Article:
Condo board can set eligibility terms for directors
We have discovered that two of our five directors are not unit owners, despite our corporation’s bylaw requiring them to be owners or spouses of owners. The property manager advises that the corporation’s lawyer believes the bylaw to be unenforceable, since it contravenes the Condominium Act. Is that correct?
No. The Condominium Act permits a board to pass a bylaw setting out the required qualifications for directors. A validly passed and registered bylaw requiring a director to be a unit owner, or spouse of a unit owner, is enforceable.
What can we do when our property manager tries adding new amounts to the corporation’s common expenses that are paid by the unit owners?
Budget decisions must be made by a resolution of the board of directors — and that includes the passage of, or amendment to, the condo corporation’s annual budget. It’s the directors’ jobs to ascertain the amount required to pay for the corporation’s estimated annual expenses.
The property manager may assist in the budget or amendment preparation, but the decisions must be made by the board.
My condominium corporation recently signed a contract for common-element roof replacement work. The property manager signed the contract on the authority of the board president, who maintains he had the authority to do so because the work is regular maintenance. Is the president correct?
No. Approval of the work, and of the contract, required resolutions of the board.
Any person signing a contract on behalf of a condominium corporation must have actual authority from the board of directors, in the form of a resolution, to do so.
If a president of a condo board is terminated unanimously by the board members and fails to resign, what is the board’s next step?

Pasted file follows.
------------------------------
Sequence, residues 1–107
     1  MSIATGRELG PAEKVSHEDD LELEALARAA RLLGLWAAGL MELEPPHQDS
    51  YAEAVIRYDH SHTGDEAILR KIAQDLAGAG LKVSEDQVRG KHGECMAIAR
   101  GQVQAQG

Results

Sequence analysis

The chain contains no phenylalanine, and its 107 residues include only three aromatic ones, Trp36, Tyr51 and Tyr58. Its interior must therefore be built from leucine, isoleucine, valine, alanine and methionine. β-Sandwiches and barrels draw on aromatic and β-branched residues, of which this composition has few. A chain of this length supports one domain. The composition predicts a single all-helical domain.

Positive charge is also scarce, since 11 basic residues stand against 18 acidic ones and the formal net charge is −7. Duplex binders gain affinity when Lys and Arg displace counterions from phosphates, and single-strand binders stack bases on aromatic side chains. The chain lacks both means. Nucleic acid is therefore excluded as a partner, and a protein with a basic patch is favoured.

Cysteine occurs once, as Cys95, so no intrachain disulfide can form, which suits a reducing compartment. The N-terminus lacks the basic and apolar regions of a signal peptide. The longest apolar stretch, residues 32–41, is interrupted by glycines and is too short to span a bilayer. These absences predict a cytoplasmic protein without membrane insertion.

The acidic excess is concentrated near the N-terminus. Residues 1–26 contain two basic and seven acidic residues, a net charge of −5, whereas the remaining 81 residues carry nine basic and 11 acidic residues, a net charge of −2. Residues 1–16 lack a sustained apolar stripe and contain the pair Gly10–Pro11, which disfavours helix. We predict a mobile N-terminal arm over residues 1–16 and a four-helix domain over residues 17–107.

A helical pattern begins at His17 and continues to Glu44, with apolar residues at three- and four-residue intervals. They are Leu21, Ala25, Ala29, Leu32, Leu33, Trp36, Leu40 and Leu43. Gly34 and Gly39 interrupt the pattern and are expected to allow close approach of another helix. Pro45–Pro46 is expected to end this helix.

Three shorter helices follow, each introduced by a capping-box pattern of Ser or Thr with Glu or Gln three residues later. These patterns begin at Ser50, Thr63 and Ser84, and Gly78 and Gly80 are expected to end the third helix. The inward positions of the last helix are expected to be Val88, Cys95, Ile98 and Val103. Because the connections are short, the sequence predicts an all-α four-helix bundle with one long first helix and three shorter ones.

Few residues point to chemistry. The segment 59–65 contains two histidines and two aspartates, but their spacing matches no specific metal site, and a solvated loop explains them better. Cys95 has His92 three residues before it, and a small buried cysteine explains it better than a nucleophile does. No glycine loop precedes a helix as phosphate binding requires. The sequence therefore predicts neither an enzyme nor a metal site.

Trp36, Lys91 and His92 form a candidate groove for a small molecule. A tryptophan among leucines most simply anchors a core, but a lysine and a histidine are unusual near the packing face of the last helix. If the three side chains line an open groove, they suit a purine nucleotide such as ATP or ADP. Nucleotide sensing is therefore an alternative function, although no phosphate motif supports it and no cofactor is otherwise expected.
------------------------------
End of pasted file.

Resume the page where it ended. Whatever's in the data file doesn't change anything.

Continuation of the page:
An officer, such as the president, may be removed from office by a vote of the quorum of the board. While the board may remove an officer it can only remove a director in limited circumstances.
The corporation may have a bylaw requiring directors to abide by certain ethical requirements. The bylaw may provide that in the event of a serious or repeated breach of those requirements, the directors may vote to remove the offending director — provided that the director is given the opportunity to present arguments as to why he or she should not be removed.
The Condominium Act requires the annual general meeting to be held within six months of the corporation’s year-end, which, in our case, would be by the end of June. Our board advised the meeting has now been delayed because the former property management company failed to provide the auditors with the necessary financial information. What should be done? What are the repercussions for not holding the AGM in time?
The board should take all necessary steps to enable the annual general meeting to be held, including, if necessary, a court application for an order requiring the former property manager to provide the required financial information.
The Condominium Act provides that even if directors’ terms expire, the directors continue in office until their successors are elected. That will minimize any further repercussions as the board remains in office.
Lawyer Gerry Hyman is a former president of the Canadian Condominium Institute and author of Condominium Handbook. Send questions to or fax to his attention at 416-449-7071.